and \(f_{out} (t) = 0.5 \,f^{\max }\) for t ∈ [0, T _{f}], where the time horizon T _{f} = 1 hr.
Figure 5.19 shows the dependence of the functionals (5.30)–(5.32) on the controlled vehicle maximal speed ω ∈ [0, 140].
In order to get benefits in terms of some prescribed cost function, in this case the total fuel consumption (5.30), we design a Model Predictive Control (MPC) strategy, which is quite common in traffic management (see, among others, [31, 47, 131]). To this end, system (5.3) is discretized using the conservative scheme presented in Sect. 5.3.2. The optimization algorithm is run on a prediction horizon ΔT = 15 min and the optimal control value is applied for the time interval Δτ = 5 min before the state is updated and the optimal control reevaluated. See [242] for further details. Figure 5.20 shows the comparison of traffic evolutions in the case of fixed vehicle speed ω(t) = 80 km/hr for all t ∈ [0, T _{f}] (left) and in the optimal controlled case in which the vehicle speed is computed by MPC (right). In particular, we can notice that the congested region is reduced by the implementation of the control strategy. Indeed, we observe that the enforcement of the optimal control allows not only to improve the optimized functional (in this case the TFC), but also to improve the other metrics considered, see Table 5.1.
5.5 Bibliographical Notes
Conservation laws with point flux constraint at a fixed space location were first introduced in [78], where a wellposedness result for scalar solutions corresponding to BV initial data and flux constraint was based on the wavefront tracking method and the doubling of variables technique. This result was then extended to an L ^{∞} framework in [17], were adapted finite volume schemes are proposed. The scalar setting was then further extended in [15, 68] for applications to pedestrian flow modeling, see also [14, 104] for applications to other settings. Regarding systems, [16, 105, 124, 137, 145], among others, deal with the ARZ system and its extensions.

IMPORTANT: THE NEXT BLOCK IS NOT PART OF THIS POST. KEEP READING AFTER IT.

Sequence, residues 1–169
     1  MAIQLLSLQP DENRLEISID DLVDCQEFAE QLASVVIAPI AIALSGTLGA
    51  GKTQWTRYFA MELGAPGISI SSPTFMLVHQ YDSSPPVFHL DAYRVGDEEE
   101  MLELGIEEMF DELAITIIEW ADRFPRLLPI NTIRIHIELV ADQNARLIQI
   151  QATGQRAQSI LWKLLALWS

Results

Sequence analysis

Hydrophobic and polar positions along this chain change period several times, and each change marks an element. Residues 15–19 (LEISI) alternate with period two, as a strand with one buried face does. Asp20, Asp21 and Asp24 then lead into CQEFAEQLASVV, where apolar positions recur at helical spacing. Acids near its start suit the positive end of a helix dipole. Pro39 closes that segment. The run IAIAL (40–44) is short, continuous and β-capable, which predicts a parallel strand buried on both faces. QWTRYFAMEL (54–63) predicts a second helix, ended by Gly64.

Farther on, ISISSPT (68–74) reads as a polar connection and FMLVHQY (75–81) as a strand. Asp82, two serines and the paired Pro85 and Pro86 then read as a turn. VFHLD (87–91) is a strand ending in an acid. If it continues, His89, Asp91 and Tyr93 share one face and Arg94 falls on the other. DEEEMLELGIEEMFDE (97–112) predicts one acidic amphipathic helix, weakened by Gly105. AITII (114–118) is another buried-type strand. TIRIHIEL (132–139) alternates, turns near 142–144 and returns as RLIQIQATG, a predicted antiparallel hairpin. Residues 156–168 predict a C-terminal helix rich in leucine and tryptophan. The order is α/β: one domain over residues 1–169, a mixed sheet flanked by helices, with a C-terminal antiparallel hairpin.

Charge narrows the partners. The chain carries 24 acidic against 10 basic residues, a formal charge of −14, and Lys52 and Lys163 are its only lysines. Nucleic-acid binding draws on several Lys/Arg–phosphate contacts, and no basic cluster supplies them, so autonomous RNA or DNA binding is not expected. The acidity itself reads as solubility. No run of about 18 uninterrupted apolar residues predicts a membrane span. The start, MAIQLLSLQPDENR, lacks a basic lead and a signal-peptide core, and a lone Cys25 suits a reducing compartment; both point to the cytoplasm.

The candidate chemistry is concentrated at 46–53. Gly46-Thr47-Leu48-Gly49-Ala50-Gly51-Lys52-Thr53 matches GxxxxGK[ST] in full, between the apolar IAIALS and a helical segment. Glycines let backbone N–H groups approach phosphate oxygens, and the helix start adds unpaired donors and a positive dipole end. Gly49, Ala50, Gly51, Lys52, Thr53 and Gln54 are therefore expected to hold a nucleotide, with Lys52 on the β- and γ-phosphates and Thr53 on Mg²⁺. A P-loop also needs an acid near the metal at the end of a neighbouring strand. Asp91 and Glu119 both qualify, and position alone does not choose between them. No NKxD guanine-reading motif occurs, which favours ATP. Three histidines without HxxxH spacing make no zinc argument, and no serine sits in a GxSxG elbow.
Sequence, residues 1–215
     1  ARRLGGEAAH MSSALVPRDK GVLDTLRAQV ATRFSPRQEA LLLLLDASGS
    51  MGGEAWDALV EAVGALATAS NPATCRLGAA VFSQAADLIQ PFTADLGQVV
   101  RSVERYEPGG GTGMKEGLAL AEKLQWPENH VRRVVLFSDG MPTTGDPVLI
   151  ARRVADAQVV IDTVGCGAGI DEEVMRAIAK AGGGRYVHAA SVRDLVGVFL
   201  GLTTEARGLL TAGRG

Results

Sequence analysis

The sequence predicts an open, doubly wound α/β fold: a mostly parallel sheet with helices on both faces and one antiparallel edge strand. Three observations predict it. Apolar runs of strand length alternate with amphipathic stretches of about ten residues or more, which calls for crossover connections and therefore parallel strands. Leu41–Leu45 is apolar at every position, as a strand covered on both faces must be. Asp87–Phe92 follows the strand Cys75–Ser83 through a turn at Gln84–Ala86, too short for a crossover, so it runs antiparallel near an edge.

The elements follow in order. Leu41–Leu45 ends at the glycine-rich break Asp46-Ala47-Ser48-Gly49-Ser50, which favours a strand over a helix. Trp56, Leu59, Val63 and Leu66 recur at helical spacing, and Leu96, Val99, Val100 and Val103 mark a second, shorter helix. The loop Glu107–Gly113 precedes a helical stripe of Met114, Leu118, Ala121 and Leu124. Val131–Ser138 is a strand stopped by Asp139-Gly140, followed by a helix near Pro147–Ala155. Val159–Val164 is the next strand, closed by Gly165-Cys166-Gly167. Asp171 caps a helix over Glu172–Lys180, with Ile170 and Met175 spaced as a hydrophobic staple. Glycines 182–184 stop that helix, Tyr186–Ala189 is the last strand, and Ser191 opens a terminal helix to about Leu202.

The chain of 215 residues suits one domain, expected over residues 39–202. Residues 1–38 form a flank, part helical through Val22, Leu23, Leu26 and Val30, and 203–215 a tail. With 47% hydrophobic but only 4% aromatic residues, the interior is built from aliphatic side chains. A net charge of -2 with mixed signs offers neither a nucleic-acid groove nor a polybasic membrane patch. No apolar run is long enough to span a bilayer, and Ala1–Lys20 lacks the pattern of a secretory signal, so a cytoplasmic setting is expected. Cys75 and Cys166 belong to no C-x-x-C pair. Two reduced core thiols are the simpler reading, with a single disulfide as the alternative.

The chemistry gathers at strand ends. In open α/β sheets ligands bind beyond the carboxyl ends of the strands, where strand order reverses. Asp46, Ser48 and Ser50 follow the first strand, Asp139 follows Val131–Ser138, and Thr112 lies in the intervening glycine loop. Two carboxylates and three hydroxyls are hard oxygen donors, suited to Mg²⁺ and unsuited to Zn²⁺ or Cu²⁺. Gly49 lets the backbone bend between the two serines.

The problem of tracking vehicles in the bulk traffic flow was studied analytically in [82] and numerically in [58]. An application to traffic states reconstruction can be found in [115].
Moving bottlenecks models were first introduced and studied in the engineering literature, see, for example, [101, 102, 203, 208,209,210]. The first mathematical settings were proposed in [112, 200] for the scalar case, and in [42, 272] for the ARZ model. Wellposedness results for strongly coupled PDEODE models are currently available only in the scalar case, see [112, 114, 138, 222, 223], while numerical treatments are proposed in [67, 111, 272]. Numerical approximations of the model proposed in [200] can be found in [56, 146]. The case of multiple moving bottlenecks has been addressed in [56, 113, 146], while the dynamics of moving bottlenecks at road junctions is analyzed by [125].
A similar PDEODE model is proposed in [201, 202] to model bounded acceleration in traffic flow.
Traffic flow management and control via connected and autonomous vehicles is currently a hot topic in transport engineering research. A number of results are available via stability analysis or simulation, such as [109, 163, 264, 274]. Some control approaches are based on implementing variable speed limit strategies, such as [31, 168, 273], or via jam absorption [172, 235]. Finally, experiments showed the effectiveness of the approach, see [261, 262, 275].
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Bayen, A., Monache, M.L.D., Garavello, M., Goatin, P., Piccoli, B. (2022). Lagrangian Control of Conservation Laws and Mixed Models. In: Control Problems for Conservation Laws with Traffic Applications. Progress in Nonlinear Differential Equations and Their Applications(), vol 99. Birkhäuser, Cham. https://doi.org/10.1007/9783030930158_5